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Former US officials call for the return of press briefings: ‘It’s about accountability’

A group of former US government officials are calling on the Trump administration to resume the practice of holding regular press briefings.

In an open letter released Friday, a group of thirteen former White House press secretaries, foreign service and military officials representing both sides of the aisle argued for the return of press briefings both from the White House and from other government agencies, stressing their importance to the administration, its foreign allies and the American public.

Regular press briefings have been the norm for decades. Under previous administrations, including Presidents Barack Obama and George W. Bush, the White House and State Department held daily or almost daily briefings. But it has been 307 days since the last formal, on-camera White House press briefing, and President Donald Trump has made a habit of disparaging news organizations, including CNN.

“I think press briefings … not only provide a letter of accountability for the government, and scrutiny of the decisions that they are making, but it also helps make better decisions,” John Kirby, former press secretary for the Pentagon and Department of State and one of the letter’s authors, said on “Reliable Sources” Sunday. “It helps the policy making process when you have ideas that are churned out there in the free press every single day.”

By appearing before the press on a regular basis, the administration is forced to act decisively, describe the context and reasoning for its decisions and not offer changing explanations of the rationale for its decisions, the letter argues.

That’s why, Kirby said, it’s not enough that President Donald Trump makes himself available to take questions directly from the press outside the White House or while traveling.

“The briefings give you accountability,” Kirby said. “It’s not just about access, it’s about accountability. And that’s what’s lacking here.”

The letter also highlights the importance of the briefings in allowing the American public to hear directly from government officials. It brings up the families of US military members or diplomats overseas who rely on information from the government about the livelihood of their loved ones.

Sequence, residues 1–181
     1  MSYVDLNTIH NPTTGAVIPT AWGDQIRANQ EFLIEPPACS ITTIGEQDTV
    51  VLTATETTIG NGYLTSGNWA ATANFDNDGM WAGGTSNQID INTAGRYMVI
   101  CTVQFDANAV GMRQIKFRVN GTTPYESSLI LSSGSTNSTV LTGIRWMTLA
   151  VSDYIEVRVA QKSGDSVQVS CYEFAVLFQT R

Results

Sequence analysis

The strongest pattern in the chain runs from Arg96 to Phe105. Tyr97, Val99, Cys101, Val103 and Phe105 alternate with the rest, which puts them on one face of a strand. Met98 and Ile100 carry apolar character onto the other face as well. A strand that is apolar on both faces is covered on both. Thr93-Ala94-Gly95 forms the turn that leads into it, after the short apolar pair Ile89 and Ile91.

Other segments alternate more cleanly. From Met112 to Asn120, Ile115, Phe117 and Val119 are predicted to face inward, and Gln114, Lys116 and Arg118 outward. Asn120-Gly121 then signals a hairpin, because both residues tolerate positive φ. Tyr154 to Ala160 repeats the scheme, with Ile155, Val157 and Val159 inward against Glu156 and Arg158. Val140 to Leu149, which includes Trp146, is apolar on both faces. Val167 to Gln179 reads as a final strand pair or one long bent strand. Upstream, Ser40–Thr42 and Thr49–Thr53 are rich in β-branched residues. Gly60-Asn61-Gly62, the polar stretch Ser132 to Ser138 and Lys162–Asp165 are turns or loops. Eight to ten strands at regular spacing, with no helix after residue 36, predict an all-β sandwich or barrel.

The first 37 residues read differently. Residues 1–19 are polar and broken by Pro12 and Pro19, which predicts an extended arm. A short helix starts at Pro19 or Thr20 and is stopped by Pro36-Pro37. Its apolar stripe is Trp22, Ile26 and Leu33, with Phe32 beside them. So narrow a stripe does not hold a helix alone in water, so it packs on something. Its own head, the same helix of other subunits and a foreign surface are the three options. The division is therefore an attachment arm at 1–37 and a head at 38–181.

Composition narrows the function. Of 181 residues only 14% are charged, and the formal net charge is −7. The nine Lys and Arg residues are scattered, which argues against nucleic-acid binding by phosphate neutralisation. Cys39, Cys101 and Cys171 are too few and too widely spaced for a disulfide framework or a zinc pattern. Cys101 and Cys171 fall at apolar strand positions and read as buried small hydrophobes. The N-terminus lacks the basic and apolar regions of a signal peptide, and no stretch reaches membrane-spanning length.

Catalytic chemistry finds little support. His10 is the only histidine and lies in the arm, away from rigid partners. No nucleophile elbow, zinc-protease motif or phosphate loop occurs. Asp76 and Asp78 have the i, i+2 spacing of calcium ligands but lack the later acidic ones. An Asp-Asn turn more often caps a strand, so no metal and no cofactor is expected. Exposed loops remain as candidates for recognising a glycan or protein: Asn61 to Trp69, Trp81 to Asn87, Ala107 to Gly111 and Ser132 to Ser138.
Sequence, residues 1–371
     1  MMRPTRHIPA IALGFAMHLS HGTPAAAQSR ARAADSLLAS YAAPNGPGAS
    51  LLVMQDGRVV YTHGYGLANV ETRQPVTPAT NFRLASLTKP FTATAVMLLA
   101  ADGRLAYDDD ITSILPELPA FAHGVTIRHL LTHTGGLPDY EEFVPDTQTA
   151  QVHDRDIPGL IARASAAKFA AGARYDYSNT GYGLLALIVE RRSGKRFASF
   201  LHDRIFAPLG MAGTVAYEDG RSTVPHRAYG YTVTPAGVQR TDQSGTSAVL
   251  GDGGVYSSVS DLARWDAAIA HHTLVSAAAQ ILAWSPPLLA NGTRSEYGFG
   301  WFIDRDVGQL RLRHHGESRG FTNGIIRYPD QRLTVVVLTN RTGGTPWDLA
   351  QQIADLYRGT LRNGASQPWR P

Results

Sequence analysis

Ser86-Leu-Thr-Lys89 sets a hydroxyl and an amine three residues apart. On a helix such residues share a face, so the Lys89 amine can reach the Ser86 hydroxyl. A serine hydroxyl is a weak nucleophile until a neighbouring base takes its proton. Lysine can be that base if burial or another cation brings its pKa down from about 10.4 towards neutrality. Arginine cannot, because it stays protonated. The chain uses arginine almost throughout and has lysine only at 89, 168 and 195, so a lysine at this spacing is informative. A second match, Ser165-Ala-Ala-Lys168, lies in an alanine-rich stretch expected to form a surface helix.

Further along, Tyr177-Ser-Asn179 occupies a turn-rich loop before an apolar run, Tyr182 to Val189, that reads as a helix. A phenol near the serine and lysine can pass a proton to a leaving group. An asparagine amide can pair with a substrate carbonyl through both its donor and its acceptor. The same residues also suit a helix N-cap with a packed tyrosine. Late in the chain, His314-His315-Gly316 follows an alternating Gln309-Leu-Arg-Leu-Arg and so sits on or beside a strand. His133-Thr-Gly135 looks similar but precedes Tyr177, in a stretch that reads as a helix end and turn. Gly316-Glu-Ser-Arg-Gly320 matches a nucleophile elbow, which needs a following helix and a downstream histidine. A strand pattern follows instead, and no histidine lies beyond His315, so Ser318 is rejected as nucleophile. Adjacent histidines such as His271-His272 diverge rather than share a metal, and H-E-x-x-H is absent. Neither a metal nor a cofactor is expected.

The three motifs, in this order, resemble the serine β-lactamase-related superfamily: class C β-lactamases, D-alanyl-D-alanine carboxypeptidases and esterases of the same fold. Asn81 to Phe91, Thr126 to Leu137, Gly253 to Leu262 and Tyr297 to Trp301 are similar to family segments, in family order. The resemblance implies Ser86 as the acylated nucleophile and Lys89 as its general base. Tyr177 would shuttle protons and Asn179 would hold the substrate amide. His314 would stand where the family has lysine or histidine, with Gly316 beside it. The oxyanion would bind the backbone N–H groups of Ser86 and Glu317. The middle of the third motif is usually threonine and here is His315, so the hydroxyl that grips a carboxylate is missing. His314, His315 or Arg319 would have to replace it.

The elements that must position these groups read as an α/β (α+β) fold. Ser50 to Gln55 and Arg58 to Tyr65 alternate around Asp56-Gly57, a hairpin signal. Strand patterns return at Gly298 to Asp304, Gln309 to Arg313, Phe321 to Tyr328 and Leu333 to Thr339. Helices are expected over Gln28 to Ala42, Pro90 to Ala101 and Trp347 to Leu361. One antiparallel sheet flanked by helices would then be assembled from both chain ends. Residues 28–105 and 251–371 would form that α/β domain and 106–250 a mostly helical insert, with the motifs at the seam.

And the letter argues that press briefings are especially important in an era of rampant and organized disinformation on social media.

“In times of military conflict and international crisis, these briefings take on even more importance,” the letter states. “Americans want to know the latest developments and seek the truth. On social media, wild rumors can fly, and our adversaries can manipulate disinformation to their advantage. This is now well documented.”

Brendan Buck, a former top aide for Republican House Speakers Paul Ryan and John Boehner who was not a part of the group that authored the letter, added in an interview with CNN’s S.E. Cupp Saturday that in such an environment, regular press briefings would likely benefit the administration.

“What I don’t understand is why they don’t do it, it isn’t in their benefit,” Buck said. “The reason that people do press briefings, one of them, is that it helps them. It helps shape the narrative.”

White House press secretary Stephanie Grisham and spokesman Hogan Gidley did not immediately respond to a request by CNN for comment on this story.

In a comment to the New York Times Friday, Gidley referred to the letter writers as “DC establishment swamp creatures.”

But Kirby, who responded to Gidley’s comment by saying he has a “thick skin” after two stints as a press secretary, said the group felt “it was important for us to lay this marker down.”

“The American people have a right to know that the kind of decisions that their elected leaders have been making have been informed by context and deeper understanding and we’re not getting any of that because there’s no daily briefing, no way to ask a spokesperson every single day how these decisions are being processed,” Kirby said.

CNN

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